Breadcrumbs

Donations to charity will be possible soon at more than 20 per cent of cash machines

By Chloe Stothart, Third Sector Online, 8 May 2012

RBS cashpoint

RBS cashpoint

Royal Bank of Scotland's 8,000 ATMs and 4,000 owned by Bank Machine will allow people to make donations to charity from June

More than 20 per cent of the UK’s cash machines will allow users to make donations to charity from this summer, the government announced today.

The 8,000 machines owned by Royal Bank of Scotland and the 4,000 owned by the cash machine operator Bank Machine will permit donations, said Nick Hurd, the Minister for Civil Society.

Other cash machine operators will join the scheme later this year and in 2013. The Link network, which includes almost every cash machine in the UK including those owned by RBS and the Bank Machine, has 64,500 ATMs.

Bank Machine is selecting the charities that will benefit from donations given through its network of ATMs. RBS will select about eight charities in June, when the scheme will go live.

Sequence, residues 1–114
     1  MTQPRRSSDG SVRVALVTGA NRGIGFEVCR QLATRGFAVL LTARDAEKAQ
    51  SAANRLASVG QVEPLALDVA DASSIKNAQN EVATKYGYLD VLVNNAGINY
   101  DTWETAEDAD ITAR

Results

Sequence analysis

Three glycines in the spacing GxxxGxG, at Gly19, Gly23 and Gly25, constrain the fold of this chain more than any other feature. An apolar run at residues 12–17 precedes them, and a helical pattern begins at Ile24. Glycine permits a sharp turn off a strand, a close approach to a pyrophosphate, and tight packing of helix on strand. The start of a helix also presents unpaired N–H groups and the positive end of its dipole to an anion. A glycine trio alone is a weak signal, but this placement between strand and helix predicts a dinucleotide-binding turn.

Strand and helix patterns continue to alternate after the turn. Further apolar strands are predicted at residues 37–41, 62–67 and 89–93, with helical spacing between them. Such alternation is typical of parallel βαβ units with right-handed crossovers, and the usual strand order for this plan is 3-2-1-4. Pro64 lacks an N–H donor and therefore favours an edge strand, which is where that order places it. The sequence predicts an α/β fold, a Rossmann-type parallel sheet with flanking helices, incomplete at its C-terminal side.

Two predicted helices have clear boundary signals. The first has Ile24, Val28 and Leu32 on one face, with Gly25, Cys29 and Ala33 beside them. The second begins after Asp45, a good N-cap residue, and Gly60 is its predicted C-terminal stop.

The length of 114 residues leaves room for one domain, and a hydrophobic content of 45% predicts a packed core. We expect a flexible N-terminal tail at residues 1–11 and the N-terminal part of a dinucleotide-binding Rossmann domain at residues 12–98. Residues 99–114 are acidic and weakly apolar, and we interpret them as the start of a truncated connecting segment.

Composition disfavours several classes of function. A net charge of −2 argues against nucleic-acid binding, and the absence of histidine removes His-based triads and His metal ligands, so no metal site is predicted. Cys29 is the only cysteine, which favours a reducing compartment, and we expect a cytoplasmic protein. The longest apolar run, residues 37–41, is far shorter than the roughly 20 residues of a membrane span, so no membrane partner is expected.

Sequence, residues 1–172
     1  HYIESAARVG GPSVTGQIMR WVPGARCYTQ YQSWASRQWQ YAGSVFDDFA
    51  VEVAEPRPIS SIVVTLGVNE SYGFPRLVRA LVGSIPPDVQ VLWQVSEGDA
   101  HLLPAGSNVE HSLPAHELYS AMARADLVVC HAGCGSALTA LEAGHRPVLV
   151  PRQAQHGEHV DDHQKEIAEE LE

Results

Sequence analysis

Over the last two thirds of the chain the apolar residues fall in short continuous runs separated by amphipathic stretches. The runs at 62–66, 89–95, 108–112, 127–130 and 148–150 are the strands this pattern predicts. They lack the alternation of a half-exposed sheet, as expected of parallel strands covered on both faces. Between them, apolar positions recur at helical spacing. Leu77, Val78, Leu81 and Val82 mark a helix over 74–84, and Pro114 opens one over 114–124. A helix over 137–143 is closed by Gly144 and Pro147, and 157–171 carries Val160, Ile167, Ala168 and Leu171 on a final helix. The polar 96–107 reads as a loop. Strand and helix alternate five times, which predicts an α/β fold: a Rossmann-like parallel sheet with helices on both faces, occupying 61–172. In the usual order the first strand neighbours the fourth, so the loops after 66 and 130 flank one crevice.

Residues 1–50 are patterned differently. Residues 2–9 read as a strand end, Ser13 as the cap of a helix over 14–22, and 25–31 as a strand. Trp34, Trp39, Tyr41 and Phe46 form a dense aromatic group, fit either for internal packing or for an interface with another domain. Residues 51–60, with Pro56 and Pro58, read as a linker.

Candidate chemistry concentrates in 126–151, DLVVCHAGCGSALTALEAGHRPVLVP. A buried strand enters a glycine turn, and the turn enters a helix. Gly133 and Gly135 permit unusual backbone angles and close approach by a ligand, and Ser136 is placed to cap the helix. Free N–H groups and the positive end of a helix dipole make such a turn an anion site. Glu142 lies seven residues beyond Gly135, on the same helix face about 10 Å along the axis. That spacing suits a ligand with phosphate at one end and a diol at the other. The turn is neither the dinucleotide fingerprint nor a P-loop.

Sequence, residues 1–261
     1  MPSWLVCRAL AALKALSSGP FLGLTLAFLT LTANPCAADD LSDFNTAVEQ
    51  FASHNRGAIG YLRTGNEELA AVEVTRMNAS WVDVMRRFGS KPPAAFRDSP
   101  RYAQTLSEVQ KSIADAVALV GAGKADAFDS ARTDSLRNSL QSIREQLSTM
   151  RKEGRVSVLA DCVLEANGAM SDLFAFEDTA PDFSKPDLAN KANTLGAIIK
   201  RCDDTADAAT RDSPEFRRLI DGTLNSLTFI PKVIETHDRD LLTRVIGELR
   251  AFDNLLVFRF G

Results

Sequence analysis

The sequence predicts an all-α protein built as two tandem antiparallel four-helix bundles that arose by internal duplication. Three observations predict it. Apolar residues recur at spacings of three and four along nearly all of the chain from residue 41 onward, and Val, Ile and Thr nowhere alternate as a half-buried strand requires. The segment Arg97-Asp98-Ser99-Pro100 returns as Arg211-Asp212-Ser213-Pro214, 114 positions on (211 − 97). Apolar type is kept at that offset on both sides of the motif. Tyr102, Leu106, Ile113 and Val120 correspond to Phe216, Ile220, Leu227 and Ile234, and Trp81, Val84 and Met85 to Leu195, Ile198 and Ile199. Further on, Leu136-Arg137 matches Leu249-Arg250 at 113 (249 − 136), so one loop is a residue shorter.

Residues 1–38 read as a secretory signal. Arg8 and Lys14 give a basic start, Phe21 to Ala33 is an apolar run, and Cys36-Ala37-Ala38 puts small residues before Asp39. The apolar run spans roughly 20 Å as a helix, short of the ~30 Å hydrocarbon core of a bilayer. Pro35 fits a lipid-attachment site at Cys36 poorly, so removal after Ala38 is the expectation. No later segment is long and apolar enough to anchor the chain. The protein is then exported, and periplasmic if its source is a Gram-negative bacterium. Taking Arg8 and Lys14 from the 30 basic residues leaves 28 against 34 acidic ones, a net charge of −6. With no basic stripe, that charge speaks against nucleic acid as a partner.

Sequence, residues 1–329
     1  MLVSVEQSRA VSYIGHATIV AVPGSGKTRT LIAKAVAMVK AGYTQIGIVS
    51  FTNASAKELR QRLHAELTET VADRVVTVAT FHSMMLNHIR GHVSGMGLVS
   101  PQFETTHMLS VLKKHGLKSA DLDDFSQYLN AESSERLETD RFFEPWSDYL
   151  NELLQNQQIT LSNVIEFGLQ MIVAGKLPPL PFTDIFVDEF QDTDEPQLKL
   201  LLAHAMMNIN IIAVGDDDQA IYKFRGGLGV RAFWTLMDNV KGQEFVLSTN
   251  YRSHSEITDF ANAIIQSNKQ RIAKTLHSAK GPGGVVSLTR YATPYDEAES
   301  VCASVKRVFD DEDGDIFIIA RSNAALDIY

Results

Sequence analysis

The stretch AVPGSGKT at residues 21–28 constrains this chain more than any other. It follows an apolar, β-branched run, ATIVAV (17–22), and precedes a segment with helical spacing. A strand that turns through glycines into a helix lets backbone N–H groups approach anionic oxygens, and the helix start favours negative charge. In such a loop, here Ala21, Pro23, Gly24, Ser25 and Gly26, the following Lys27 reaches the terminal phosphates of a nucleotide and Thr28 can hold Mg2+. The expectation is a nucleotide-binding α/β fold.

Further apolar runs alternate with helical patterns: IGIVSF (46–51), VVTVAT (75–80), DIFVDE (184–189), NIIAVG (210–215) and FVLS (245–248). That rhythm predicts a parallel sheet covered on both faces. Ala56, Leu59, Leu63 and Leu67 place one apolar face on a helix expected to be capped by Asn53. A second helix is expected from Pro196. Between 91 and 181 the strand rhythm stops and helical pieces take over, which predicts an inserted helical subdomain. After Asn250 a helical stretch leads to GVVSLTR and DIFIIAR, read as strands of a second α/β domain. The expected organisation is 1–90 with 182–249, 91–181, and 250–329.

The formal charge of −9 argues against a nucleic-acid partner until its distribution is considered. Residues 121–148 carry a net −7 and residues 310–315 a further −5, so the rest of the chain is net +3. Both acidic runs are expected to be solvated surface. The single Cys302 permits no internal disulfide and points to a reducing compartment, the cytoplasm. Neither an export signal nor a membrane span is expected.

In a statement, Hurd said: "People in this country have always given generously to worthy causes. We want to make it easier for people to give small amounts to charity if they want to. By making it possible to add donations at cashpoints we can make an even greater difference to other people’s lives."

Melanie Knight, director of communications and resources at Bank Machine, said: "Bank Machine was the first ATM operator to announce its participation in the ATM Charity Giving scheme. We have received registrations of interest from more than 550 charities that wish to take part. We have asked an independent panel to decide which charities will participate as we want to ensure that as many worthy causes as possible are able to take part."

The Giving White Paper, published in May 2011, said the UK’s banks, building societies and cash machine operators had agreed to make it possible to donate to charity from cash machines this year.

The high-street bank HSBC estimated in July that donations from cash machines could reach about £5m a year.

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